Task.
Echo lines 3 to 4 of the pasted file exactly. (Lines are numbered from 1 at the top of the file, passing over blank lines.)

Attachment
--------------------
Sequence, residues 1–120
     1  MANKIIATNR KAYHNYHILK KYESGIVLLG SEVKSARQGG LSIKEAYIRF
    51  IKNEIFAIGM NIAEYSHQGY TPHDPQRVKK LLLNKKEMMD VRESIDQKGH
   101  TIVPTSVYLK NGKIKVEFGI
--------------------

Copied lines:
    51  IKNEIFAIGM NIAEYSHQGY TPHDPQRVKK LLLNKKEMMD VRESIDQKGH
   101  TIVPTSVYLK NGKIKVEFGI